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How does prostate infection develop?

Date:2012-09-29 click:

Just below your bladder in front of your rectum is a small reproductive gland called the prostate. It wraps around the urethra, the tube that carries urine from your bladder. The prostate produces most of your semen, the fluid that carries sperm through the ducts (tubes). During orgasm, this prostate fluid is squeezed through the ducts, into the urethra, and out through the penis.

 
For a variety of reasons ranging from stress to bacterial infection, prostatic ducts may become inflamed, irritated, or blocked. That's when prostatitis may develop. Some medical conditions or procedures (such as strokes or catherterization) may also cause urinary retention and lead to prostatitis.
 
Bacterial infections cause only about 5%-10% of cases of prostatitis. In the other 90%-95%, due to chronic pelvic pain syndrome or asymptomatic inflammatory prostatitis described above, the cause is not known. Prostate infectious agents are as follows for both acute and chronic infectious prostatitis:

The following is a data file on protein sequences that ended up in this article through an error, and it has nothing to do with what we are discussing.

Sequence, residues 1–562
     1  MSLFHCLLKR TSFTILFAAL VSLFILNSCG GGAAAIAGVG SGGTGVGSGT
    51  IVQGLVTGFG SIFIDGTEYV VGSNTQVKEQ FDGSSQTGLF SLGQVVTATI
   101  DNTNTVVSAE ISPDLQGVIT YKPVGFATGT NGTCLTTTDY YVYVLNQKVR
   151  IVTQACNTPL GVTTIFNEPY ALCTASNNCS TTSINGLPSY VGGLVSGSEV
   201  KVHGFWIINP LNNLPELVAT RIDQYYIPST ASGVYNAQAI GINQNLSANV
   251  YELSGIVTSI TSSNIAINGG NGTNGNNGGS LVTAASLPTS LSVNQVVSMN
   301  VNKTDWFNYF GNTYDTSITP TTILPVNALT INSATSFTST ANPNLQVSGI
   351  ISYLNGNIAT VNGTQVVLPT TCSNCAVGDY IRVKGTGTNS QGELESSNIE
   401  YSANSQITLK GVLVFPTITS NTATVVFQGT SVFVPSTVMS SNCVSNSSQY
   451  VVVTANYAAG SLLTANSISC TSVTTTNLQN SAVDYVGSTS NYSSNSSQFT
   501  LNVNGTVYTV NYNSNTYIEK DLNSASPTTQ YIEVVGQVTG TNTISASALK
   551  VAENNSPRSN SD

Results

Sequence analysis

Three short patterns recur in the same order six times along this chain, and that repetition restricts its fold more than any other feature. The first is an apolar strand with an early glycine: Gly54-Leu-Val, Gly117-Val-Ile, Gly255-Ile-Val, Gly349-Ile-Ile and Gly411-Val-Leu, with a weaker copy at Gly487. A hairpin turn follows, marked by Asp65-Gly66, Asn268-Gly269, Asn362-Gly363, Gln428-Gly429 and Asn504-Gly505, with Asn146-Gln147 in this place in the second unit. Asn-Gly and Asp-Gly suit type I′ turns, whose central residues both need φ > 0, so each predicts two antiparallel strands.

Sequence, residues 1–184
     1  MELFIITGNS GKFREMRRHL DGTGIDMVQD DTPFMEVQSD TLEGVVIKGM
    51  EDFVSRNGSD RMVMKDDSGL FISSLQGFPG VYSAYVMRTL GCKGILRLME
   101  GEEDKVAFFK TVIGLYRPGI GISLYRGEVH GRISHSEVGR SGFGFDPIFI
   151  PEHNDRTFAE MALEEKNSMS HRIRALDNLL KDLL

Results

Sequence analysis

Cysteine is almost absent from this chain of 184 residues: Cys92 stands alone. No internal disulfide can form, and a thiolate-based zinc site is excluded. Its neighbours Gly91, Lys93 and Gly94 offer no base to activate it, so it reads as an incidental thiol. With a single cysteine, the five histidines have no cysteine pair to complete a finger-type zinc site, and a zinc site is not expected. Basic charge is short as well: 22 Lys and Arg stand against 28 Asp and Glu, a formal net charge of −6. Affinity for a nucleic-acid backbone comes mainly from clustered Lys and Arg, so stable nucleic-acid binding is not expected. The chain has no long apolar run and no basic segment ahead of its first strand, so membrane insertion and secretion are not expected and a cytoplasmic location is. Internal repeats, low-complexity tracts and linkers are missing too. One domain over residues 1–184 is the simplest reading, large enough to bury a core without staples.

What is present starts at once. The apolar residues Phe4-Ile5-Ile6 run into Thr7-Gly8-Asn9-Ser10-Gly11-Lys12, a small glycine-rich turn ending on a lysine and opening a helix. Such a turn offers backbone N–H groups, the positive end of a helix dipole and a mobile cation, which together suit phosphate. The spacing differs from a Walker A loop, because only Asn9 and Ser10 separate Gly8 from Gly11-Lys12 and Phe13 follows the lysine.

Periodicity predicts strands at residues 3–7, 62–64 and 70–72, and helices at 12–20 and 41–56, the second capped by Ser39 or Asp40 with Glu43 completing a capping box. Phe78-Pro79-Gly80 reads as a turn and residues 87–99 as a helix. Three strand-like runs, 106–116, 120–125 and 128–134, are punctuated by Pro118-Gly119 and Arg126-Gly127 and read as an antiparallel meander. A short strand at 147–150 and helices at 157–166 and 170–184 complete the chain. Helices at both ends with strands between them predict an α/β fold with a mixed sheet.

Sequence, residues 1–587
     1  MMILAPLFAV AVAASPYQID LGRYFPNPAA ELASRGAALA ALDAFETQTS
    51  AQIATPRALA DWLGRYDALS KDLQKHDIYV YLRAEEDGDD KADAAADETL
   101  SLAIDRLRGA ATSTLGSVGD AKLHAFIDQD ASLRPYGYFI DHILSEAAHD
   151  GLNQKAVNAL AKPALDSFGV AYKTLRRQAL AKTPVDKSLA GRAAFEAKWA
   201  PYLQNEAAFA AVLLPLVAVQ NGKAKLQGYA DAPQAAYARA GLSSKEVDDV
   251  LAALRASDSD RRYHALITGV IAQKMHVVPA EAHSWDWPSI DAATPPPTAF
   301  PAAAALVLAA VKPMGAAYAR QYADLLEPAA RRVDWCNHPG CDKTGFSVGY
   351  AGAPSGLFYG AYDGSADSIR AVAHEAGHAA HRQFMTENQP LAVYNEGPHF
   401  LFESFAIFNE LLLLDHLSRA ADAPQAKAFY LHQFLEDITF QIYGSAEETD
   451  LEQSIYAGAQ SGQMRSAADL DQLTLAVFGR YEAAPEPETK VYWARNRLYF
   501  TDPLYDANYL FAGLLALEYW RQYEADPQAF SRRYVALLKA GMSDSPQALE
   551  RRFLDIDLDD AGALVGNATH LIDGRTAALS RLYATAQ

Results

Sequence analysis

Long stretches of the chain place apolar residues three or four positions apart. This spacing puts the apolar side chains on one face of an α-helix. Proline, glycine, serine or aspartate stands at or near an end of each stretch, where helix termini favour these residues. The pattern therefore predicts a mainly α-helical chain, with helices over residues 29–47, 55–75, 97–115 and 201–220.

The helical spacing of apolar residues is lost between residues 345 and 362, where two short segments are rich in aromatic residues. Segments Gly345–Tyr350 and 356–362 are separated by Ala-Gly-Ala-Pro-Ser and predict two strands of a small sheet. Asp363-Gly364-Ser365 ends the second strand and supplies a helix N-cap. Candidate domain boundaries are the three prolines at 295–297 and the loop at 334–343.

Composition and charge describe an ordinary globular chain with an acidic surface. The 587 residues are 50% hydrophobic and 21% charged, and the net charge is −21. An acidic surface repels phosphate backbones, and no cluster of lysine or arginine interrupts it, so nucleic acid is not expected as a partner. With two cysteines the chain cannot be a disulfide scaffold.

Escherichia coli (E coli) is the bacterium most often the cause of prostate infections and approximately 80% of the bacterial pathogens are gram-negative organisms (for example, Escherichia coli, Enterobacter, Serratia, Pseudomonas, Enterococcus, and Proteus species).
Sexually transmitted disease-causing organisms also may cause infectious prostatitis especially in sexually active men under 35 years of age; the most usually identified organisms are Chlamydia, Neisseria, Trichomonas, and Ureaplasma.
 
The infectious agent (usually bacteria) may invade the prostate in two main ways. The bacteria from a previous urethral infection move through prostatic ducts into the prostate (occasionally termed retrograde infection). Movement of infected urine into the glandular prostate tissue can infect via ejaculatory ducts (occasionally termed antegrade infection).

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